Posts Tagged ‘The Man Who Couldn’t Stop’

the man who couldn't stop

This is a fascinating insight into the world of OCD (Obsessive Compulsive Disorders) patients, who are forced by their own minds to perform meaningless routine activities over and over again to lessen the anxiety they feel when an unrelated obsessive idea grips their mind. The author, who is an OCD patient himself and has had to suffer the personal ignominy of putting himself through such repetitive behaviour over a number of years, describes in this first-person account how the obsession takes over & overpowers all other thoughts in the mind. He cites examples and instances which, to an outsider may feel slightly humorous, but which hides the potential terror & lack of control that only the sufferer can feel.

The book describes how OCD manifests itself in people, explores how the condition has been perceived since early times and the treatment options that have evolved alongside. He writes about how some forms of obsessive behaviours are present in other species, how other forms of repetitive action can be perceived as OCD, the influence of religion, culture & traditions on OCD, the triggers for the condition to manifest itself and how it can be passed on, sometimes, in families.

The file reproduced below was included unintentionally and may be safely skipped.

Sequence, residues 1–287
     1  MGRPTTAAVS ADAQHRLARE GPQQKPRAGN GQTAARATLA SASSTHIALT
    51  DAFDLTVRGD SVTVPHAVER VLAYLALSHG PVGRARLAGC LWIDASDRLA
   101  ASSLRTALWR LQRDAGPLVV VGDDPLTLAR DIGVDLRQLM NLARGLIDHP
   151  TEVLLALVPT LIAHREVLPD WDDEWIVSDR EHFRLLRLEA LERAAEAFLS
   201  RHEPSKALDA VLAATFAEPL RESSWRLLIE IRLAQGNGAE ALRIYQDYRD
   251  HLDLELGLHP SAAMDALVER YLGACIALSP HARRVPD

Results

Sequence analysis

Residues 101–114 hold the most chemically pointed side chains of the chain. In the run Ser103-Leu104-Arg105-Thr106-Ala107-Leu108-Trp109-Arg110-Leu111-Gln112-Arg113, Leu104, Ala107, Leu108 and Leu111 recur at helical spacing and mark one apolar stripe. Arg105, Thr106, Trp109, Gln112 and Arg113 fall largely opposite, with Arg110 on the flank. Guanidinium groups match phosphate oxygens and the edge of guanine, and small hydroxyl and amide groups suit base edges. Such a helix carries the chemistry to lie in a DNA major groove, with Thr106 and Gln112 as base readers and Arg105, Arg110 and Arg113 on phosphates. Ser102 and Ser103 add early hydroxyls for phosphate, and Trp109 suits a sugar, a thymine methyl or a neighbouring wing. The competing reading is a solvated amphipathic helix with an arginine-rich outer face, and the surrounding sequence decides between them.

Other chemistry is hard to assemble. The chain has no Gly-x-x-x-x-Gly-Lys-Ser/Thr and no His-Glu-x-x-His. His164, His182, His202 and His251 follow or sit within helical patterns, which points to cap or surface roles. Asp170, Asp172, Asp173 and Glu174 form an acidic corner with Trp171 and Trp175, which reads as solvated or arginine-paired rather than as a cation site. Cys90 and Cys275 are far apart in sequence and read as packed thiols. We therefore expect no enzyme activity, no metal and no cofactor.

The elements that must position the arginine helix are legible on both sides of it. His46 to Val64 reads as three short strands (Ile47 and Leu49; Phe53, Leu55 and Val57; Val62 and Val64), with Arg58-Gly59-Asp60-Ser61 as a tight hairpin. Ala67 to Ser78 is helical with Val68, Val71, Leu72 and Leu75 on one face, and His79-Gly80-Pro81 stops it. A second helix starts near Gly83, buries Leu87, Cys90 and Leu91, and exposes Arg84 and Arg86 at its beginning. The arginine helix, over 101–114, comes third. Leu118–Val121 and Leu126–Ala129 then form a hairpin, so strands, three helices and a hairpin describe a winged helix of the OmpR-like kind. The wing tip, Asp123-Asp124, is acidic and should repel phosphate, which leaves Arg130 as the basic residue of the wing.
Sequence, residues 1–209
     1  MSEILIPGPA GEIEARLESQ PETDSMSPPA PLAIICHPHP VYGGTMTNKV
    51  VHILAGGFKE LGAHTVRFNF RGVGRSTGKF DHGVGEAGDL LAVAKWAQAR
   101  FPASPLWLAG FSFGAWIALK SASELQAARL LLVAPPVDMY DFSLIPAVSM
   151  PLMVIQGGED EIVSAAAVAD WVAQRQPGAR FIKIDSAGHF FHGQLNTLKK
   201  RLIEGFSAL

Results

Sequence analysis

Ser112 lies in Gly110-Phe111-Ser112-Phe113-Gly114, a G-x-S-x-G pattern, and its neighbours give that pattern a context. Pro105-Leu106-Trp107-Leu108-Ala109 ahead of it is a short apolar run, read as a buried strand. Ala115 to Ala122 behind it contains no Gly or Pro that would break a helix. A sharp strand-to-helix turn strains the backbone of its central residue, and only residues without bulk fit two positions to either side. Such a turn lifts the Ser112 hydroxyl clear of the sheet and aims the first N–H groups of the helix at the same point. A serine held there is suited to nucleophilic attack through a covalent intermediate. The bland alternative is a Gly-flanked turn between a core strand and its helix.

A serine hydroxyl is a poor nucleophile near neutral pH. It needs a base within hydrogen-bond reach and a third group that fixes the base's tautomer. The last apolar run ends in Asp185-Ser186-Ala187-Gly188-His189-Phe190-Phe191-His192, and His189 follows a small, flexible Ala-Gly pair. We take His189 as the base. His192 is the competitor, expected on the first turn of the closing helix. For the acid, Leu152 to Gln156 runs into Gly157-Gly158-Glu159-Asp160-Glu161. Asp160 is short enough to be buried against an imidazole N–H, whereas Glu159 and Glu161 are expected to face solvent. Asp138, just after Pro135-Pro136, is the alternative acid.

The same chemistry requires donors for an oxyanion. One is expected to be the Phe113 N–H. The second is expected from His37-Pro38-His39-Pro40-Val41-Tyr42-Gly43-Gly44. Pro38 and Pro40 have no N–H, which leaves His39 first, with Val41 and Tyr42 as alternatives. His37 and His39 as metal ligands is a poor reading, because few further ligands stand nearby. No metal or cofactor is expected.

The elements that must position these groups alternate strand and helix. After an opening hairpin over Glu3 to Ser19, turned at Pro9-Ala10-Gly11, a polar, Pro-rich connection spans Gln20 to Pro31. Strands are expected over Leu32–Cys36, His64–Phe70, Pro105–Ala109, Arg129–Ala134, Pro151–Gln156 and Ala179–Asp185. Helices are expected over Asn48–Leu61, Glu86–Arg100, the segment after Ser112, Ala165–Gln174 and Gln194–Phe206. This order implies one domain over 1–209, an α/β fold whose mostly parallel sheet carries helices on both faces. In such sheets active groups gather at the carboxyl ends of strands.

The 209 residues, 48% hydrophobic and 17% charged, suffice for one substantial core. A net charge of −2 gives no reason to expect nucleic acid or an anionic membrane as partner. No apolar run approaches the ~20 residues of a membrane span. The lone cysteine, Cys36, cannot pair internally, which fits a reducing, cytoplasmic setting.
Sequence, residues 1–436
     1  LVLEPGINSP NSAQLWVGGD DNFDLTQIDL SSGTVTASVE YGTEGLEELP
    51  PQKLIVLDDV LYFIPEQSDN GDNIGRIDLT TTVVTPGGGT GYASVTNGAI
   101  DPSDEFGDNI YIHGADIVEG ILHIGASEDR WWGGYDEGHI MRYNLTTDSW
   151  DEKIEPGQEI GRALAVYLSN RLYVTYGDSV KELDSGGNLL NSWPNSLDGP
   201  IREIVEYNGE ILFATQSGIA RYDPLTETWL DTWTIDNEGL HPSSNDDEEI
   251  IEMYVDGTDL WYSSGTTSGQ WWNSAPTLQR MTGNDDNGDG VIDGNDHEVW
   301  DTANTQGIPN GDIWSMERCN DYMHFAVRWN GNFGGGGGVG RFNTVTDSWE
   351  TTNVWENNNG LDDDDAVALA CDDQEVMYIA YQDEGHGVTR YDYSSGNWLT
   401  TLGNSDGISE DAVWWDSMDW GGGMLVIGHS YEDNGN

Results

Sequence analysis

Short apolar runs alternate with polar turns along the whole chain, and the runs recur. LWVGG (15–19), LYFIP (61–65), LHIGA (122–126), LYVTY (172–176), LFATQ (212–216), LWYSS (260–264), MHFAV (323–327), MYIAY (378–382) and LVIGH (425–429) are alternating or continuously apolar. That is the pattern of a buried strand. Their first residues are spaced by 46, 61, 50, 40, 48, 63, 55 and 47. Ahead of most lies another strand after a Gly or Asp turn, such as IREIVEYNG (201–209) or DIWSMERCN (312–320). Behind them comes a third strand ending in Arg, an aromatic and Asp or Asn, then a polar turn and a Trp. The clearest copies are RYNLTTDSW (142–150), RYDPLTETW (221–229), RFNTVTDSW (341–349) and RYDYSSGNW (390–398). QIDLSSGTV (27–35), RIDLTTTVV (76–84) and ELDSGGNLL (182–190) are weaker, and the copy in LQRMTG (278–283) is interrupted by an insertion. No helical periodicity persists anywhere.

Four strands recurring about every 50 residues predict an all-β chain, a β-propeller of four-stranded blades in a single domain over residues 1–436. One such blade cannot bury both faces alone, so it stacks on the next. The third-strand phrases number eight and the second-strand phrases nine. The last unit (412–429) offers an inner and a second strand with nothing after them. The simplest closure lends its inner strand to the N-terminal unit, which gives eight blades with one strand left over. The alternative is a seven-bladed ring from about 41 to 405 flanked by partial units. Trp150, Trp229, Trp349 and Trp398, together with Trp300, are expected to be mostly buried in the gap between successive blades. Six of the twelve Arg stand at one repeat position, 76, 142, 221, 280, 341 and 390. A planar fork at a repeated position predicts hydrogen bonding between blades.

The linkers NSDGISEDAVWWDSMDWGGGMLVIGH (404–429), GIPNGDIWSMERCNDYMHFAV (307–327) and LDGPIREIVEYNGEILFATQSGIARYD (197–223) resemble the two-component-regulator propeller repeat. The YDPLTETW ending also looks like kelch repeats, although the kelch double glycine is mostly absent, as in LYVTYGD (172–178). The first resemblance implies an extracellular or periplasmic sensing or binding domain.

The book concludes by looking at how OCD has now been classified as a mental disorder, with a growing awareness among the medical fraternity on how to treat patients with the condition. David talks about his own struggles with the disease, how he has now learnt to deal with the compulsive thoughts that still intrude and concludes on a positive note that patients and others who may know someone who potentially has OCD have a light at the end of their dark tunnel.

The book is interspersed with incidents, sanitised stories of sufferers and enough new information to keep the reader interested all along. I found it quite fascinating. A condition that I would otherwise just label as quirky and a sufferer as crazy is now something I can look at in a new light.


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